Passing Nuneaton, I espy more investment. The new 1km-long North chord that will allow freight to bypass the station is really taking shape. Earthworks appear complete, and track and signalling is being installed. It’s another sign of the importance of intermodal traffic (the fastest-growing sector) to both the railways and the wider economy. 

As we speed south along the West Coast Main Line, passing a procession of freight and local services, my thoughts wander to discussions around High Speed 2, and those who claim the line is expensive and isn’t needed. 

My train is a capacity-eating non-stop service from Crewe, which the HS2 detractors always seem to ignore when they talk about distances. Just imagine how stopping service patterns can be improved when these move to the new high-speed line.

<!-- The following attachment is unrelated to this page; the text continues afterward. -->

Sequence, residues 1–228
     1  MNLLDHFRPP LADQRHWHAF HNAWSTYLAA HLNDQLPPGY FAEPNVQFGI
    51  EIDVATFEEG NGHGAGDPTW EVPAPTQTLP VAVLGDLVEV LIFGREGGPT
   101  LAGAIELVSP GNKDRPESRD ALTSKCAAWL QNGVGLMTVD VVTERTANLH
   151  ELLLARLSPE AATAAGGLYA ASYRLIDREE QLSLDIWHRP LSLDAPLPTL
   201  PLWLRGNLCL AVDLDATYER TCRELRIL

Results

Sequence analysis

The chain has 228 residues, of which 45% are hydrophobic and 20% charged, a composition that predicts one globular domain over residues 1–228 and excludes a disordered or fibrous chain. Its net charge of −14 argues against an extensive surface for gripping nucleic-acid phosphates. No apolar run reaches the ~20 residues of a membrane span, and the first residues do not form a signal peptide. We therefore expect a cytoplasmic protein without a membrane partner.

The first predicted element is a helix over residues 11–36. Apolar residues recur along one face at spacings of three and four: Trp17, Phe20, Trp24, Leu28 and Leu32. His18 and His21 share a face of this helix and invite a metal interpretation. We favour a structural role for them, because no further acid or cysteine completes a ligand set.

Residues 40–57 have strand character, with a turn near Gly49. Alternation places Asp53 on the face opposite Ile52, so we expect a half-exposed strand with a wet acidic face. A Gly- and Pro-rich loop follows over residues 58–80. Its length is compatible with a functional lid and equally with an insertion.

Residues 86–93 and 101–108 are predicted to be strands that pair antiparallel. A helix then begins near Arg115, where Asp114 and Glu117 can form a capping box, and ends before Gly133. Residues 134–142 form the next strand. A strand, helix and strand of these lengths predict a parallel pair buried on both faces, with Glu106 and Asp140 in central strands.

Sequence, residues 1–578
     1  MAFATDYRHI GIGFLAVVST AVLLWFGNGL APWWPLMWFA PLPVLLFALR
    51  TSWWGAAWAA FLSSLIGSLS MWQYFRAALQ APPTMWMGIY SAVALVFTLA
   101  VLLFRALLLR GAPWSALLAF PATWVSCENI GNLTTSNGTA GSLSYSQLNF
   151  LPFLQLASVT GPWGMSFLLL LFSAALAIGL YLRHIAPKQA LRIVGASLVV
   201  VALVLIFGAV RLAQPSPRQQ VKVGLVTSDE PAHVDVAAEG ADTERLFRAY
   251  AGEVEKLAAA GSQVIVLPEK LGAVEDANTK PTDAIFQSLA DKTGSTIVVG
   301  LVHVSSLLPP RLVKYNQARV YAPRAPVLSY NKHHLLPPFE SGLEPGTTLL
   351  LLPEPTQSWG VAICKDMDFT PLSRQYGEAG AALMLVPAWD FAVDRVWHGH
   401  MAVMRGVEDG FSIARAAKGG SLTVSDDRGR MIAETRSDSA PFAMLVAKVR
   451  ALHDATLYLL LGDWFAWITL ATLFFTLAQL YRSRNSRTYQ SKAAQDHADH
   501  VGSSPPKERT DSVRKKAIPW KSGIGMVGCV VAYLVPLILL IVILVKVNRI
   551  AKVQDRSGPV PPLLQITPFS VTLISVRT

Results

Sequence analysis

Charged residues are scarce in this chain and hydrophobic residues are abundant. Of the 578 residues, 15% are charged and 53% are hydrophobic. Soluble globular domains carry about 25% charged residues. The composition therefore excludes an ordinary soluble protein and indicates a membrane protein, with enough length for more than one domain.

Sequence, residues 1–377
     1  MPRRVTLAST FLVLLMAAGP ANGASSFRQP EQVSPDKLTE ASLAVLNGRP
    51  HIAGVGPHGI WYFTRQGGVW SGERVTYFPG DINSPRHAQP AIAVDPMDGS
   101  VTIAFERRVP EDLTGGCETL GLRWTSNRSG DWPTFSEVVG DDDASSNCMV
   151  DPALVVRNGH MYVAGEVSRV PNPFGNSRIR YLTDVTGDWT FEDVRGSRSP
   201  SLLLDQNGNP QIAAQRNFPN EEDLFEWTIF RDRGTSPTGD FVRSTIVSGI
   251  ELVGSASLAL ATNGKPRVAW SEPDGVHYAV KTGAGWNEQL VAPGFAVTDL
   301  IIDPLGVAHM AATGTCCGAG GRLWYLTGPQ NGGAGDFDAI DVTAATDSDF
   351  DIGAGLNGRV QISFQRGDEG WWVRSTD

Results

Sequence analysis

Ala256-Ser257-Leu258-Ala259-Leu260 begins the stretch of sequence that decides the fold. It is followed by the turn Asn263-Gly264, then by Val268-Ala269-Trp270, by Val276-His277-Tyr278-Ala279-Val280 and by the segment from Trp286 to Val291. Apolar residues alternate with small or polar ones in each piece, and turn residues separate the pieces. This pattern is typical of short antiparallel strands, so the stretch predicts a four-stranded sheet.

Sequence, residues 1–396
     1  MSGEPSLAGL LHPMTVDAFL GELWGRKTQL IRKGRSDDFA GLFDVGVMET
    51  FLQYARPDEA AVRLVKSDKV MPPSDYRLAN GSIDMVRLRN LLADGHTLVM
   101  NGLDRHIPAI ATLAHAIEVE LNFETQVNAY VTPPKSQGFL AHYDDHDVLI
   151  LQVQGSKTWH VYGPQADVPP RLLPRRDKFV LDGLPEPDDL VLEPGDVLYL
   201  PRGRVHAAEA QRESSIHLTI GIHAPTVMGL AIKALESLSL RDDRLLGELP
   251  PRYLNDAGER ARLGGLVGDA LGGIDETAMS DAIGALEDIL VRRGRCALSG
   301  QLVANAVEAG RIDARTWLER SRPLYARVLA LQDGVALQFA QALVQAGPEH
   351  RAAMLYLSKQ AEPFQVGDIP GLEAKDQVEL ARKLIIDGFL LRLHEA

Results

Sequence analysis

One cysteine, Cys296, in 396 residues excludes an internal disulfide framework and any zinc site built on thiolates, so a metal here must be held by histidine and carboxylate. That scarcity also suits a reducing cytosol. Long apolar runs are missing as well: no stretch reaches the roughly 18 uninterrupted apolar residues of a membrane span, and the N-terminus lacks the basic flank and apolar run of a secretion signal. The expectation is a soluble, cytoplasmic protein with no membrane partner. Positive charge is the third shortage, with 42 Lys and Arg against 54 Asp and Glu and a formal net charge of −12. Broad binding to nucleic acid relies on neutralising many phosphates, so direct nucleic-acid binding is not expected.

Flying through Rugby at 125mph, I remember working here on Christmas and Boxing Day, during the infamous blockade. We spent £9 billion to raise speeds by 15mph on a line that will be full by 2024, yet some people claim HS2 is expensive! 

As I ponder both time and miles speed by, and open countryside and cotton-wool clouds give way to housing and industry as London looms. The countryside fights back in places, such as at Watford and Willesden Junctions, where buddleia continues to lead Network Rail a merry dance! 

Arriving at Euston, we sprint to St Pancras to catch an East Midlands Trains service down the Midland Main Line, worked by a refurbished Meridian (in this case a former Hull Trains unit, 222101). 

EMT has refurbished its entire fleet in recent years, and the Meridians look very smart. The Stagecoach livery really suits their lines, and the red seat mocquette gives them a bright vibrant feel without burning out your eyeballs.